Select Committee on Public Accounts Minutes of Evidence

Examination of Witnesses (Questions 140-159)



  140. You got the £10 whatever happened if you were owed just a small amount?
  (Sir Nicholas Montagu) Yes. If you filed electronically and if the payment or refund was dealt with electronically you got the £10.

  141. Can you tell me about contingency plans. Suppose the whole thing suddenly went wrong or everybody decided that they were not going to use it at all and you had to go straight back to a paper system. What contingency plans do you have now? Presumably you need a lot more staff to handle it.
  (Sir Nicholas Montagu) The Committee has been reminding me that take up is still not enormously high. I think if we had to go back to paper systems, we would look to absorb that within our existing budget and by redeploying staff as necessary. This is quite peaky work. Equally I should say—and again Terry can amplify this if you want—we do have very strong business continuity plans in place. I should make clear also perhaps, in view of some press comment, not about us but more generally, that we have always done so, this well predates the events of 11 September.

  142. I was not thinking so much of your computers breaking down but somebody proving they had been able to get into the system and, for security reasons, a lot of your users suddenly deciding they did not want to use the electronic system any more because they were worried about their details becoming known to other people. If you suddenly got a user rebellion, so to speak, and they said, "We are not going to do this electronically", you might suddenly find you had to do it manually.
  (Sir Nicholas Montagu) The effect would be the same, Mr Rendel, but I do need to stress here what Sir John has said, that our security matches the industry best and it has been validated by the Defence Evaluation and Research Agency. That is a pretty powerful validation.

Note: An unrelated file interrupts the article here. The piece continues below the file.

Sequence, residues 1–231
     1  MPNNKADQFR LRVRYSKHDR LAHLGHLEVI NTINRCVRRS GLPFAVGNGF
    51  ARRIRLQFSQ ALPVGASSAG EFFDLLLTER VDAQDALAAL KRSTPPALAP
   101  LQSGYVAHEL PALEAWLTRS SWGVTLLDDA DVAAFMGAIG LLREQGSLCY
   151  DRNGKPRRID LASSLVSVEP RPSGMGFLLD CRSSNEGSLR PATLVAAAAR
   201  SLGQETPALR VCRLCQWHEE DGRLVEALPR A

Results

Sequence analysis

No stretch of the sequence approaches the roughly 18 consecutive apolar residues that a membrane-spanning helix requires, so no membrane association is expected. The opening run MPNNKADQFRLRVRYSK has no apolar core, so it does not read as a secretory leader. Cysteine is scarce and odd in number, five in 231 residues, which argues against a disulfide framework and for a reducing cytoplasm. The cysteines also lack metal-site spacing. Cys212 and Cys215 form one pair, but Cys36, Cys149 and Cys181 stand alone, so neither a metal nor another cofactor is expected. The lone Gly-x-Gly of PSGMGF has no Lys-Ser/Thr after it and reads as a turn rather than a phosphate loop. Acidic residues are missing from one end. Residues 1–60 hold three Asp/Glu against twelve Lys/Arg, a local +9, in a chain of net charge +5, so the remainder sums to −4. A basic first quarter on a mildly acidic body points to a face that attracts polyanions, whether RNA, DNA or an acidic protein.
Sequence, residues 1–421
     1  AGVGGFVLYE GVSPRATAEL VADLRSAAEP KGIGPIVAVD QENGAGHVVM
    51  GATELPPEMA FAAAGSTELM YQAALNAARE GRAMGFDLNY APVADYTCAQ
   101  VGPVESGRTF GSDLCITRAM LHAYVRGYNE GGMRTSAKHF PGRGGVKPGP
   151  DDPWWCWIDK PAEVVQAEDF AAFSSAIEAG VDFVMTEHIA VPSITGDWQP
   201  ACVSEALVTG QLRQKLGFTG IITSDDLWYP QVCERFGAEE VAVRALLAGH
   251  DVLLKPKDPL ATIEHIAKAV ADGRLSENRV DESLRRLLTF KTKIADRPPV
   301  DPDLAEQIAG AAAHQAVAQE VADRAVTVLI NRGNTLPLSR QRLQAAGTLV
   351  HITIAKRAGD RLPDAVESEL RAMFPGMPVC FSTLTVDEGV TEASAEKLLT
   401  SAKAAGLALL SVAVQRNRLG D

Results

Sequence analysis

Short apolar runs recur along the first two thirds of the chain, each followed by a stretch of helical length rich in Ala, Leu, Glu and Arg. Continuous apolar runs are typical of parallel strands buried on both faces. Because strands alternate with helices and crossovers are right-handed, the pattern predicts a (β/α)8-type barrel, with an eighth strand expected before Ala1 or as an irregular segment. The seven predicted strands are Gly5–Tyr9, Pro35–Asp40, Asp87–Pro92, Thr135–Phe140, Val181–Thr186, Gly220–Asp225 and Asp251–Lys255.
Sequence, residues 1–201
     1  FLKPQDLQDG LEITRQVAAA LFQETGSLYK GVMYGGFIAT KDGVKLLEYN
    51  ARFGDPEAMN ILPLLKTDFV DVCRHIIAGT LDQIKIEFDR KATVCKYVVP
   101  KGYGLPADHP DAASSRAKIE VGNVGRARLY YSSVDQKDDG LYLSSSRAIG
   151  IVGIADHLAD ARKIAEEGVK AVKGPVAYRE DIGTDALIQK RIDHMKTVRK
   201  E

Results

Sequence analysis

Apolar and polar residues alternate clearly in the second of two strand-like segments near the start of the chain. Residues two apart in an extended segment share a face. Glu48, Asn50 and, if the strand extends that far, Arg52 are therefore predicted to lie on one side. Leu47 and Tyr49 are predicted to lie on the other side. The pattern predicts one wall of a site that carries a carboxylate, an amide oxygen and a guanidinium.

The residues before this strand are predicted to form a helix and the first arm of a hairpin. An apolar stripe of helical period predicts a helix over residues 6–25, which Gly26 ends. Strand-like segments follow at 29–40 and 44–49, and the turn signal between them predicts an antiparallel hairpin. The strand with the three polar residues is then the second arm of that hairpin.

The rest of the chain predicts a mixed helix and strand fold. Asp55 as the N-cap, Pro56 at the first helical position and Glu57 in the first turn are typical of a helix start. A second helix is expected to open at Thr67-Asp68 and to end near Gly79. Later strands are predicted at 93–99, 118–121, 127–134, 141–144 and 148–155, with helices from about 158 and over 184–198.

Mr Rendel: Thank you.

Jon Trickett

  143. I just want to go over one or two points which I have not fully understood. Accepting this was a political initiative, nevertheless you also said you wanted to prepare a business case or some sort of business exercise was done. Can you describe that to me again, I am not sure I understood what you meant?
  (Sir Nicholas Montagu) Yes. What I am saying is that before any new system is introduced, it goes through a rigorous business case project evaluation.

  144. And that happened in this case?
  (Sir Nicholas Montagu) That would have happened in this case.

  145. I presume you would still want to be cost effective notwithstanding the fact this was a political initiative, therefore I am not quite sure I have understood the calculations about savings which have been offered in this paper and which other members have asked you about. At one stage you talked about a £3 saving. Presumably that is simply for filing, is it?
  (Sir Nicholas Montagu) That is the straight processing saving.

  146. For filing but not for paying?
  (Sir Nicholas Montagu) That is right.

  147. Is there an additional saving for paying as well then?
  (Mr Hawes) Yes, there are additional savings for paying. They were not in that business case.

  148. In the original business case.
  (Mr Hawes) The original business case was concerned with filing.

  149. I understood you to be asked the question, "Have you considered a £3 incentive bonus", and rightly you were asked, "Were you giving this advice to ministers" and obviously, quite rightly, you declined to answer about your discussions with ministers. But it is clear in paragraph 7 in Appendix 2 that you have incentivised in the past filing and paying. Individuals were offered a £10 discount if they filed and paid electronically and companies were offered a £50 discount if they filed and paid. Therefore one assumes you knew the likely savings which might be incurred beyond the £3 if one was paying as well as filing. I wonder if you could indicate if you have done that calculation.
  (Sir Nicholas Montagu) I do not think the figure is in quite that form, Mr Trickett. If I can clarify the business case, yes, there was the policy objective which I have described. Also, of course, providing the electronic channel is an improvement in the service, and we would appraise rigorously—not just in terms of cost and savings—any project. To take an analogy, as you will know, very high up the Government's agenda are new tax credits. This necessitates our putting in place systems five times as complex as those for self-assessment. These are nevertheless, and it is not a question of pay back, subject to the same rigorous appraisal I have mentioned.